Fast forward to the mid 90s. I was a big monster movie buff, and picked up a copy of the Encyclopedia of Monsters at a local bookstore. It was full of pictures and information on hundreds of old horror and sci-fi movie monsters. Lo and behold, I turn the page and there was an alien that looked almost exactly like my old rubber eraser. It was from a movie called “Invasion of the Saucer Men”.
A few years later, when Ebay became a big thing, I looked there for a copy of “Invasion of the Saucer Men” for sale. There weren’t any legit copies available, but there was a nice bootleg VHS tape that I gleefully overpaid for. My expectations weren’t really high for the movie, and it absolutely met them. It’s one of those that’s so bad it’s good. Frank Gorshin as an obnoxious drunk is particularly fun, and at one point a severed alien hand grows an eyeball and attacks on its own. The fingers are sort of like needles, and inject alien blood that affects humans like alcohol. Seems weird, yeah, but Aliens have acid for blood and that makes about as much sense, right?
So, without a doubt, if I were forced to get a wax figure for my collection, it would be one of the oddball alien Saucer Men. The look of them is iconic, in my opinion, and when you add in the C-movie cheesiness as well as the callback to a McDonald’s Happy Meal toy, you really can’t go wrong. BONUS: Invasion of the Saucer Men is on YouTube in its entirety. What a glorious time we live in!
Honorable mentions: a wax version of Godzilla or Optimus Prime.
Here are a few other entries that really stood out for me this week:
Collector’s Universe goes way back in time for a prehistoric amphibian.
Pop Rewind shared my trepidation for selecting a wax figure, because they are straight up creepy, really, seriously, they are.
And Cool and Collected chose my favorite actor that never wore a Godzilla suit.
You can read the rest of the Pop Culture League entries for this week here.
I’ve figured out that people who are my age are the target demographic for most everything that is mass marketed these days. Properties that were big in the 80s when I was a kid are being mined voraciously for presentation in movie theaters and store shelves. Transformers, Star Wars, the entire Marvel cinematic universe (not purely 80s, but along the same lines), the list goes on and on. And now, Ghostbusters, a classic film beloved by many, is the latest nostalgia-fueled hype machine.
I like Ghostbusters. It’s a great movie. It’s perfect in nearly every way. However, I don’t LOVE Ghostbusters, not like I love Star Trek or Indiana Jones. I’ve probably watched it two or three times with my kids, but it’s not an annual must watch, like, say, Ferris Bueller’s Day Off. I don’t own Ghostbusters on DVD or Blu-ray. I like it, but I don’t go nuts for it; that’s the point I am trying to get across.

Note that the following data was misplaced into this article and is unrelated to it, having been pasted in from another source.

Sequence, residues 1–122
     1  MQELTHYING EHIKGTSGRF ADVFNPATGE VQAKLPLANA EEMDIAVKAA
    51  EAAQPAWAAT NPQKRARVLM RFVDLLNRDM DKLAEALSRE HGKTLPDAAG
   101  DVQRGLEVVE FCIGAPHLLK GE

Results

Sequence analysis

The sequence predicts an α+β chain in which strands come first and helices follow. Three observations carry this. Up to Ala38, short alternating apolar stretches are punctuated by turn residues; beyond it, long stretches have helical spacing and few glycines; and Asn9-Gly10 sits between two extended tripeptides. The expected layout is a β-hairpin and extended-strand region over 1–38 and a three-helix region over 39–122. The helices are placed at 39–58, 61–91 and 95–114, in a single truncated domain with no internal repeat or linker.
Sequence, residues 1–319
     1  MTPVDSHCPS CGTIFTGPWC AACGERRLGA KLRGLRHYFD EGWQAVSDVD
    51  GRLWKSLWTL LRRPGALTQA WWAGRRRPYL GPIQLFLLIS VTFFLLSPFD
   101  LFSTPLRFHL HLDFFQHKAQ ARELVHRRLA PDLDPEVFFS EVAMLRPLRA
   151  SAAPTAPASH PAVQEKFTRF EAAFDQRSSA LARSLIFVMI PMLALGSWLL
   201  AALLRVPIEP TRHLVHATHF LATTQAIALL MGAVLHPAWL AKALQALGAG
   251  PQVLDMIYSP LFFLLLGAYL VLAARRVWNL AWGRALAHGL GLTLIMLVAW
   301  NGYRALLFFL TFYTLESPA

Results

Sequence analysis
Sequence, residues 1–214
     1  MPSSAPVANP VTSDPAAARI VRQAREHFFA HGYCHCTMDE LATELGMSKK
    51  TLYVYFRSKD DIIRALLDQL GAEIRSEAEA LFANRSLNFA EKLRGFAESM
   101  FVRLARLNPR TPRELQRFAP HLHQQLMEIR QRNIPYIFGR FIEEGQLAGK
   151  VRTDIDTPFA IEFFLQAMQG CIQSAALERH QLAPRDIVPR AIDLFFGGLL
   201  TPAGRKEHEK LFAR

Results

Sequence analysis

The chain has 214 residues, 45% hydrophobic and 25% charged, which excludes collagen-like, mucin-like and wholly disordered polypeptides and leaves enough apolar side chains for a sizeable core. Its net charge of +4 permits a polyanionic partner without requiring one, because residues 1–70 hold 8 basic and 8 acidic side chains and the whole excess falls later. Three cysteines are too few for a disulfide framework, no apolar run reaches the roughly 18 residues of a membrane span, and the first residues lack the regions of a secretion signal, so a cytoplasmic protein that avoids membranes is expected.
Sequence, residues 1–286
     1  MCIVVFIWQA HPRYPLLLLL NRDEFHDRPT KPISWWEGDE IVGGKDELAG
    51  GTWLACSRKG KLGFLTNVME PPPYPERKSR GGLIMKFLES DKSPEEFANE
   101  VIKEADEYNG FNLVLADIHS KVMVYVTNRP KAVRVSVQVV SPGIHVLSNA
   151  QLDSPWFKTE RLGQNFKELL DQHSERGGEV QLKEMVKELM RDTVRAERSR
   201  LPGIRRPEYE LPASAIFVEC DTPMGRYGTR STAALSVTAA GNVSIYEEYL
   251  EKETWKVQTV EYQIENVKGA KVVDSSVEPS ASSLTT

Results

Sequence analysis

A few months back, news broke that Ecto-Cooler, a flavor of Hi-C drink that was loosely tied to Ghostbusters, was coming back. I generally ate school lunches as a kid, so I didn’t drink milk, and not much Hi-C of any flavor. I don’t have the nostalgia for it that I do Boo Berry or C-3POs cereal. However, everyone online was losing their minds over Ecto-Cooler’s return. When it appeared, cases of the retro drink were being sold on Ebay for exorbitant prices. I began looking for it when we went to the store, with no luck. Not finding Ecto-Cooler made my desire for it increase. I checked online to see if I could order some at anything close to retail price. Alas, it sold out nearly immediately when it did come in stock anywhere.
Lo and behold, on July 1, my buddy Nick messaged me that Ecto-Cooler was in stock at Amazon. We were in the car at the time, driving to a church meeting. Turns out Ecto-Cooler is one of those Prime Pantry things. Prime Pantry is basically a method of ordering groceries and such where you choose items that fill up a percentage of a large box that is shipped for a flat rate. A case of twelve Ecto-Cooler cans cost $6.24, but filled only 22% of the Prime Pantry box. It seemed wasteful to ship the whole box for a drink I’d never even had before, and there were only five minutes before church services began. I first decided to just skip it and hope that the green stuff was still in stock later when I could fill that box more wisely.